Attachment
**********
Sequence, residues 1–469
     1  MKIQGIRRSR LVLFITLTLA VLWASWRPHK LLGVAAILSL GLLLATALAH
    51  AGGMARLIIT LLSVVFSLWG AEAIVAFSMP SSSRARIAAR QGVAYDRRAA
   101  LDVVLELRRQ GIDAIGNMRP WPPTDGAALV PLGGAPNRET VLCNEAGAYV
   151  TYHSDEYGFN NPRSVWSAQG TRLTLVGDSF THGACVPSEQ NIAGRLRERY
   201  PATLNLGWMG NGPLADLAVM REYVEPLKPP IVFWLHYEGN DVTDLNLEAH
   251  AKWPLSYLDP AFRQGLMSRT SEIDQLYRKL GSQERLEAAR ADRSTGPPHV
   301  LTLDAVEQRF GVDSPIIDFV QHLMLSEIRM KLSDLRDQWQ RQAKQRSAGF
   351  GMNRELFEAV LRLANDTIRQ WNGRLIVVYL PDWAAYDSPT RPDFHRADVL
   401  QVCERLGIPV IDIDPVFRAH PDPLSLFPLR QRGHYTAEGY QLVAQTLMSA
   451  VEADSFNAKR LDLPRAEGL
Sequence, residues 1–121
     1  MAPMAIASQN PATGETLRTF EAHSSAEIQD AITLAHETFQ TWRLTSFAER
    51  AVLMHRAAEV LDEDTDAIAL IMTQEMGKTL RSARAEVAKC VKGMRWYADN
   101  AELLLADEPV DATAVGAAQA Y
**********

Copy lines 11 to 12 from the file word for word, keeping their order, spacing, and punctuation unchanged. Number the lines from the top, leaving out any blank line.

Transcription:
   451  VEADSFNAKR LDLPRAEGL
Sequence, residues 1–121